Turning stately homes into high-end holiday lets is the key to survival, the Shephards believe, who have spent years restoring the top floor in order to enable people to stay.

Hedsor HouseHedsor House Photo: John Lawrence

The regular income should also cover projects such as repainting all the windows of the 34,000 sq ft property, and with public liability insurance, damage deposit and a secure contract between owners and guests, they don’t worry about welcoming in Britain’s fun-loving public, or rather, the ones that can afford to stay there.

“It’s price on application,” explains Nick, “depending on whether you just want to stay a few nights and do your own thing, or need a catering package or disco as well.”

While Nick resides in London, where he works as an investment manager, his parents live just 500 yards from the house.

“It’s far enough away that we’re not disturbed. They can’t see us and we can’t see them,” Alexander says

However, for many, seeing in the new year in an historic setting is not high priority. More commonly it is about size and finding somewhere that can comfortably put up large groups of extended family, lots of children and the odd pet.

HurstoneHurstone House, near Taunton Photo: Strutt & Parker

Hurstone, John Bone’s seven-bedroom house near Taunton, is available by the night and guests can book in through the agency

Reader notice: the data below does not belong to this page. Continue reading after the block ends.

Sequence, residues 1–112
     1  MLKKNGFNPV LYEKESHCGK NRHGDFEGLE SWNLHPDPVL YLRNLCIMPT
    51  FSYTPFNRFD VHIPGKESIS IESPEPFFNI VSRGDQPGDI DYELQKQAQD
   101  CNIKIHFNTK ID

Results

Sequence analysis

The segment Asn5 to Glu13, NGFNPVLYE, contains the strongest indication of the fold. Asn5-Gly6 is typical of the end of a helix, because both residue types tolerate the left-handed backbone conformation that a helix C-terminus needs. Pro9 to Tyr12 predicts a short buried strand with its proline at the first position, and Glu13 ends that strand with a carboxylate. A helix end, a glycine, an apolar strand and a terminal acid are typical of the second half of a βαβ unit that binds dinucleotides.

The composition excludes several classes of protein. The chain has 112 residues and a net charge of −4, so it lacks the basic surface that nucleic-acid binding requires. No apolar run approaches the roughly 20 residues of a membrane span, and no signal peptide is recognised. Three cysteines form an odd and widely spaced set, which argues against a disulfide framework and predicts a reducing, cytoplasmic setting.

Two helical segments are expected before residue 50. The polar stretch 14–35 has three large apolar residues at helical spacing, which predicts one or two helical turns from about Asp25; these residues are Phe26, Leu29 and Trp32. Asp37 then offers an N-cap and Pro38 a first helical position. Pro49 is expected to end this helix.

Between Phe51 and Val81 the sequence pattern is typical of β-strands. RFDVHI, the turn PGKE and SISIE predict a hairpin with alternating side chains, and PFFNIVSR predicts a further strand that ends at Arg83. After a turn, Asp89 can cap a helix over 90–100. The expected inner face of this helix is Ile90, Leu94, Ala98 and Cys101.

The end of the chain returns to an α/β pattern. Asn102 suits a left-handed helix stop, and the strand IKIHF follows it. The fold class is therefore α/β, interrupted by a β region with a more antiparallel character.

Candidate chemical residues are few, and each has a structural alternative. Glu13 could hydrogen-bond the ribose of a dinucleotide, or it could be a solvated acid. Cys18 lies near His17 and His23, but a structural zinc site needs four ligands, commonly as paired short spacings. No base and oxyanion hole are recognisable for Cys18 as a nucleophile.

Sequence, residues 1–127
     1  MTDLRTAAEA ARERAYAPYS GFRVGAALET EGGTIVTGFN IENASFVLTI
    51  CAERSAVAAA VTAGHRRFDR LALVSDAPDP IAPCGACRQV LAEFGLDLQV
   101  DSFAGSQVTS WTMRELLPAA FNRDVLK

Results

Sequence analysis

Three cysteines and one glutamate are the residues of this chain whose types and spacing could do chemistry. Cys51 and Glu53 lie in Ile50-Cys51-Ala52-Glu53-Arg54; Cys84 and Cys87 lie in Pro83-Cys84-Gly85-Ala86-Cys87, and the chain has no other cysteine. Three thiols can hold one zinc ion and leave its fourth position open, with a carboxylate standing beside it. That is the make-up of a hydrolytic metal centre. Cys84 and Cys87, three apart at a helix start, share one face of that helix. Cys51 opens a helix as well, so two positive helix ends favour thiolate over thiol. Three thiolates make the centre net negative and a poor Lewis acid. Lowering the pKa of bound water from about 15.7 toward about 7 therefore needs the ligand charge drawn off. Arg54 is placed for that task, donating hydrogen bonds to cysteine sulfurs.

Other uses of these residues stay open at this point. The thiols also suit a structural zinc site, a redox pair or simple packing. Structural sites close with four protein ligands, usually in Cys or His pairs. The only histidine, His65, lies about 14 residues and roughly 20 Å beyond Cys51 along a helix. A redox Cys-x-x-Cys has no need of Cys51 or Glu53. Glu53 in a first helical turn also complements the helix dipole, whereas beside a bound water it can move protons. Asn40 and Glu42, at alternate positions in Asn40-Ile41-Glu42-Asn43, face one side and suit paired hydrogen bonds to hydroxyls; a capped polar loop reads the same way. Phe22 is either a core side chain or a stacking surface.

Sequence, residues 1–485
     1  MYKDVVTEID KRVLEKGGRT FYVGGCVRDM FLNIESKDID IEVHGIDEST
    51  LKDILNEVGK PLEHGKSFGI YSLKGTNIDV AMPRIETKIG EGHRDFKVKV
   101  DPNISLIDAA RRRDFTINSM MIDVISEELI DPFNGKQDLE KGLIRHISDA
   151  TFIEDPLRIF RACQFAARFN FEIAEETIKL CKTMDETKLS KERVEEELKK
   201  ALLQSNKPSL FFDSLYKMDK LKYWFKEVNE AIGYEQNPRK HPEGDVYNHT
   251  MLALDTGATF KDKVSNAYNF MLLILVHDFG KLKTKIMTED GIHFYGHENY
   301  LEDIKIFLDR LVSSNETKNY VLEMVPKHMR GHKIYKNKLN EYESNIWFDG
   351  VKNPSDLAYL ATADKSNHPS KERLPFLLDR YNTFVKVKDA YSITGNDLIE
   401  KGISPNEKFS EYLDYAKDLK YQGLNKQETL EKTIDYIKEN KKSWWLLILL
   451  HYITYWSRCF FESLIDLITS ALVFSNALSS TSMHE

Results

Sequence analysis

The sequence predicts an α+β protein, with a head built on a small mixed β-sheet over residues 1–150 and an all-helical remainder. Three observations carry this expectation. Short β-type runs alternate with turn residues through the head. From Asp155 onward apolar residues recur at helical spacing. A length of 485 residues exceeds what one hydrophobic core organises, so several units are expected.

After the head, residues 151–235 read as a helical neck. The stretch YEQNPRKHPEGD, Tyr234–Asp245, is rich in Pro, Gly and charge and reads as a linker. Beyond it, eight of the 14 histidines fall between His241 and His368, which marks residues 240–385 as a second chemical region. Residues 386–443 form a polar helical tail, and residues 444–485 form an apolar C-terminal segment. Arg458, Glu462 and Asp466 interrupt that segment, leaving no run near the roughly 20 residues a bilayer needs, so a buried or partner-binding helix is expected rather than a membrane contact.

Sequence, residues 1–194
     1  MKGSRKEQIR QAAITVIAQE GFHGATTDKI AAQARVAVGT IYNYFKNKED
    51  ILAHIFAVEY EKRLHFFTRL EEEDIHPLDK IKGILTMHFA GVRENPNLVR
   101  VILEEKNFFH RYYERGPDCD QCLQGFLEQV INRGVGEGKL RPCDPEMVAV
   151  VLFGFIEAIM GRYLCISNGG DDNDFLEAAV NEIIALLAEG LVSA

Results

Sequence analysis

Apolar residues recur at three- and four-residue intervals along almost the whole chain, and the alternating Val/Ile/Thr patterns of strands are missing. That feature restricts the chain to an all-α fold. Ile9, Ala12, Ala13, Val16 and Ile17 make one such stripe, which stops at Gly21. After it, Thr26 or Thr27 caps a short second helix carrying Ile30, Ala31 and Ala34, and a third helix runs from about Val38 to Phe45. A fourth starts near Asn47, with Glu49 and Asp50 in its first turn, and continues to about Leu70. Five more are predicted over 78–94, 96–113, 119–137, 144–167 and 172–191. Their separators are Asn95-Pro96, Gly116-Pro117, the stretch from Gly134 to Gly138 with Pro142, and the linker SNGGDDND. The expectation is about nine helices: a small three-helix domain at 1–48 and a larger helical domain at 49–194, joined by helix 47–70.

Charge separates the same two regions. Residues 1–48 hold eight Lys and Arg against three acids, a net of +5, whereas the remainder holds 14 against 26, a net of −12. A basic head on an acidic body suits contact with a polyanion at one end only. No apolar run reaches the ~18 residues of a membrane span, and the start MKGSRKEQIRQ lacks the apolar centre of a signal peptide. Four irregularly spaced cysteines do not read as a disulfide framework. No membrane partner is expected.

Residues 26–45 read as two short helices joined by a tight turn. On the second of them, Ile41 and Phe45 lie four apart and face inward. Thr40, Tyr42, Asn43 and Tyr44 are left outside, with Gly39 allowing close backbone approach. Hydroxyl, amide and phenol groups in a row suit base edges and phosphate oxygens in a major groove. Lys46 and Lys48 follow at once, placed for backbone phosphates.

Bone’s only request is that there are no fireworks or sky lanterns for safety reasons and because the house is surrounded by livestock.

“People are here to enjoy themselves,” he says, “and as long as they respect the property then we’ll go along with it.” He lives in a converted barn on-site, so is available if needed (and to police those partygoers).

The best-loved holiday lets are all about the small touches. The crystal decanters of brandy and whisky and the cake on arrival at the Dene in Alfriston, a village just over the South Downs from Brighton, make you feel at home. These hosts are neither seen nor heard. A code is emailed to the guests and keys picked up from an external safe, meaning the owners do not get in the way.

Woodstock, AscotWoodstock, in Ascot Photo: Strutt & Parker

Another man with a house to spare is Robert Jones. His Victorian mansion, Woodstock, in Ascot, Berkshire, has been listed on Airbnb since June this year, and is available for weekends away. When Robert and his family moved to a farm in Norfolk, they made the decision to list the house online.

“My wife wasn’t keen to start off with,” he says, “but now we’ve moved our personal possessions out and she’s living away, she doesn’t mind.”

The house has four large reception rooms, two double rooms with en suites, plus two further bedrooms. Outside there’s a swimming pool and tennis courts. The rules are simple: “No smoking, no drugs and please treat the place with respect.”

Maybe it is the £1,500 rent charged for New Year’s Eve that convinced Mrs Jones. “It’s a good source of income,” Robert says. “And it pays the school fees.”